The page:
Jurassic Daohugou Beds and correlative strata in Ningcheng of Inner
Mongolia. Acta Geologica Sinica (English Edition) 80(5):733-742.

(From abstract):
"The Daohugou beds were formed in the geological age of 164-158 Ma of the
middle-late Jurassic."

If this sticks, then _Epidendrosaurus_, _Pedopenna_, and _Jinfengopteryx_
predate _Archaeopteryx_.  No "temporal paradox" here!  

Dino Guy Ralph
Docent at the California Academy of Sciences
Dinosaur and Fossil Education
Member of the Society of Vertebrate Paleontology

Danvarner | 1 Feb 19:29 2007
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Re: Tyrannosaurus Trivia Question

>From photos in Lowell Dingus' book, _Next  of Kin_ (a must for artists), I've 
narrowed down the switch from three to two  digits in the AMNH mount of 
Tyrannosaurus to somewhere between 1921 and 1927. A  bit earlier than I had 
originally suspected. DV  

Danvarner | 1 Feb 21:40 2007
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Another look at sauropod posture

http://palaeoblog.blogspot.com/2007/02/pectoral-girdle-reconstruction-in.html 

Jaime A. Headden | 1 Feb 22:47 2007
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Re: Richardostesia teeth

Michael Mortimer (mickey_mortimer111 <at> msn.com) wrote:

<Denticle shape is not uniform/distinct in the genus, as noted by Sankey et al.
(2002) for R. gilmorei- "Denticle tips can be slightly pointed, rounded, or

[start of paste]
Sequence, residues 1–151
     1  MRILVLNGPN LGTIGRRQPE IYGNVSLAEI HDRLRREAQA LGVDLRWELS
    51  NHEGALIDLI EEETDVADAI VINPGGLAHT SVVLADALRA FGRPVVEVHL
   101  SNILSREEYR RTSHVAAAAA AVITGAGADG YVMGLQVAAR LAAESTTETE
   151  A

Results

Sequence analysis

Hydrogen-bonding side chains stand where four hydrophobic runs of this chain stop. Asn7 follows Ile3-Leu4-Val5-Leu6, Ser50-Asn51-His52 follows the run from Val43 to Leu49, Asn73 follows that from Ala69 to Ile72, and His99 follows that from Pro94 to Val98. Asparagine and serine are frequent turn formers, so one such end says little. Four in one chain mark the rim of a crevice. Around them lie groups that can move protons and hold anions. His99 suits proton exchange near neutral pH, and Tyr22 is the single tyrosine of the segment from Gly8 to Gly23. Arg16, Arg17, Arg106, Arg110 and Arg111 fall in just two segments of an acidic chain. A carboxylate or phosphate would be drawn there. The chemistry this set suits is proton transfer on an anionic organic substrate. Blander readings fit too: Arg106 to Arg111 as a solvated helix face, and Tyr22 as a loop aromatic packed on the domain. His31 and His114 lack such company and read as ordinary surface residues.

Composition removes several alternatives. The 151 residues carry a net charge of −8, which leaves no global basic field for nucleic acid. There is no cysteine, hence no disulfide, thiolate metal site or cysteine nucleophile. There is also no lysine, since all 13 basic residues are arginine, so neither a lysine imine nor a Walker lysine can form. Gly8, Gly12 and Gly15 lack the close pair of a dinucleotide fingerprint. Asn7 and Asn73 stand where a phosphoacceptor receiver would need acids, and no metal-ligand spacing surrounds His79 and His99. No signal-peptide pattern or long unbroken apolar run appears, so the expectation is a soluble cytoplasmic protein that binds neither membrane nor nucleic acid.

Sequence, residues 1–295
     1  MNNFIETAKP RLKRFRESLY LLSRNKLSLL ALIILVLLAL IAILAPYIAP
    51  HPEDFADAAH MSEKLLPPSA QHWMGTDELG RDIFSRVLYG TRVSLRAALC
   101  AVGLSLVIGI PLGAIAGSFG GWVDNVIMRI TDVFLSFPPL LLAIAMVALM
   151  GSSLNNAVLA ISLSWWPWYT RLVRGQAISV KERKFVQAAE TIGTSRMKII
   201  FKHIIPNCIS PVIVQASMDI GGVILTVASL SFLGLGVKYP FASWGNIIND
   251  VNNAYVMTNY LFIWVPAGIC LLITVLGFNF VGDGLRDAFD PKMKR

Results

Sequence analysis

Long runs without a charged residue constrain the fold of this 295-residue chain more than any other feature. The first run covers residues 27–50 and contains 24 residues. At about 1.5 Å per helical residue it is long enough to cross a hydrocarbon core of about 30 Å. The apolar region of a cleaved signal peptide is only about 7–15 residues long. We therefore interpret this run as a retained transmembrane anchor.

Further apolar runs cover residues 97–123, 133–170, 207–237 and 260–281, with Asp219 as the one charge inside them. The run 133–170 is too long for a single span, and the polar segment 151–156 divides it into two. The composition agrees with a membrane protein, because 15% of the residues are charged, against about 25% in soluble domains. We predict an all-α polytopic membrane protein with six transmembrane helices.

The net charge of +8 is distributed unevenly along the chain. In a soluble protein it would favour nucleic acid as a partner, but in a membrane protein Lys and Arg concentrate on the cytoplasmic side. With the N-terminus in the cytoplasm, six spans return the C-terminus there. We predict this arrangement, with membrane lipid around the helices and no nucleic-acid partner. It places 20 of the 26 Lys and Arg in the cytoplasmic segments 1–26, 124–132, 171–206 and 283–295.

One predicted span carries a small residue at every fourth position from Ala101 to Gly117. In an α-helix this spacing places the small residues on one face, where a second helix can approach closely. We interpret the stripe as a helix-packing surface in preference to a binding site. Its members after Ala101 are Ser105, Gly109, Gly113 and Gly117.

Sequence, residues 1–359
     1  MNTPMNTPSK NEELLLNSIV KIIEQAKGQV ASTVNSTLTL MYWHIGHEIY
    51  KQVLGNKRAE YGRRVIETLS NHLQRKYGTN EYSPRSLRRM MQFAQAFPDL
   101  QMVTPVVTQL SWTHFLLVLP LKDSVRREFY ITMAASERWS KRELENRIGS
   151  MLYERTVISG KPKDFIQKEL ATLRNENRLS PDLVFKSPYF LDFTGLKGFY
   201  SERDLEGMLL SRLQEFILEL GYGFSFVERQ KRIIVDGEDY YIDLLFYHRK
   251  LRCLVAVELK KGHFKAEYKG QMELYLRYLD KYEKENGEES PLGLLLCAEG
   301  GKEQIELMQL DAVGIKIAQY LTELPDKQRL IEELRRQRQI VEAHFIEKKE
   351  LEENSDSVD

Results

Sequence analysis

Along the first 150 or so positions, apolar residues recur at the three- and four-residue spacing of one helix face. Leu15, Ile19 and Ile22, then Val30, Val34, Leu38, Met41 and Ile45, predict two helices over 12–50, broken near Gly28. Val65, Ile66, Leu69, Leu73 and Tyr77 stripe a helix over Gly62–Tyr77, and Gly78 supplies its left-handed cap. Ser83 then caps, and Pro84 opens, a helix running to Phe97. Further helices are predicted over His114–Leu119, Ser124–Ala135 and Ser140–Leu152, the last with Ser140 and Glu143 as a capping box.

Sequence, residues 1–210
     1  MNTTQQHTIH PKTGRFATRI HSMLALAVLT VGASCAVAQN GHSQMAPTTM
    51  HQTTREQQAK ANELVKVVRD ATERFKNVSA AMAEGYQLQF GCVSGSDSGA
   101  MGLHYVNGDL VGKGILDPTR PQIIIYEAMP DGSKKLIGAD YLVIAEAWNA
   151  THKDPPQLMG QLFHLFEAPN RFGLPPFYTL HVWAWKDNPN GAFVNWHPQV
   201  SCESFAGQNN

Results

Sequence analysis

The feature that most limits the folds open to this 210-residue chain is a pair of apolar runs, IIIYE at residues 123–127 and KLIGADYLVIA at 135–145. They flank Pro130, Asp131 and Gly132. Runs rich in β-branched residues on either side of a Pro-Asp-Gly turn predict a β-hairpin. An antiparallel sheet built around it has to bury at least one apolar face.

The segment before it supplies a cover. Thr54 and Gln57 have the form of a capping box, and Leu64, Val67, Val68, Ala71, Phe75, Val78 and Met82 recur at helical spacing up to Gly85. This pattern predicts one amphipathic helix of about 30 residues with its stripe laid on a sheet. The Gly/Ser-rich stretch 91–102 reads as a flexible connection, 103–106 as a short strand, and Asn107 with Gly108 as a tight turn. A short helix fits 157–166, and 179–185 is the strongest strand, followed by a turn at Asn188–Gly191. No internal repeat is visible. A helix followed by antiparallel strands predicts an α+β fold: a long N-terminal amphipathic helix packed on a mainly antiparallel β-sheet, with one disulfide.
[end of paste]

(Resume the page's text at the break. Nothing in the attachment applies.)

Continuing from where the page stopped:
flattened."  While she describes R. isosceles as- "Denticle tips are straight
or slightly rounded, but not pointed." Similarly, all teeth referred to
Richardoestesia are not relatively straight.  Again, describing R. gilmorei-
"Isolated teeth vary in curvature from almost completely straight (0.1 mm
curvature) to strongly recurved (0.7 mm curvature)." The denticle size
distribution along the carinae for R. gilmorei ("Denticle size varies slightly
along the carinae, with smaller ones at the base and tip.") is not distinct
from Saurornitholestes ("Denticle size varies along the carina, they tend to be
smaller at the base and tip of teeth.").  R. isosceles has a different size
distribution though- "Posterior denticles are ... uniformly-sized along
tooth,">

  I did not mention the issue of potential conflation of sampling for *R.
gilmorei* as it appeared Tom Holtz had previously done so in this very thread,
and I had brought up the issue of possible taxonomic variability (as have
others in print) among the specimens in a previous incarnation of this topic.
The holotype jaws have teeth that are, on the other hand, very similar to one
another, have little recurvature, and have serrae that decrease in size toward
the base of the crown, as towards the apex.

<Indeed, Sankey later states "Richardoestesia isosceles is included in the
genus Richardoestesia because of the presence of small denticles. However, the
shape of the denticles in Richardoestesia gilmorei and isosceles is
different.">

  Which is only indicative perhaps of taxonomic variability. To wit, Sankey;'s
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Gmane